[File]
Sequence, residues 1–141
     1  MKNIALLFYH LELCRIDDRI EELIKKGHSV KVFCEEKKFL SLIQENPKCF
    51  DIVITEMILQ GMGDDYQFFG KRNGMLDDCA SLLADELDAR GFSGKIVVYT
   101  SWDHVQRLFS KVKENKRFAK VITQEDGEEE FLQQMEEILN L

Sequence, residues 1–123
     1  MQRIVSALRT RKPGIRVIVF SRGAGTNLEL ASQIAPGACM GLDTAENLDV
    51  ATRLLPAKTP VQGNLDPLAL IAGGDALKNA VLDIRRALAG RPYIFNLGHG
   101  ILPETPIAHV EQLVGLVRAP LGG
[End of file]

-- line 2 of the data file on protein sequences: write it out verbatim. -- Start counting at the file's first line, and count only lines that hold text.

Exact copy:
     1  MKNIALLFYH LELCRIDDRI EELIKKGHSV KVFCEEKKFL SLIQENPKCF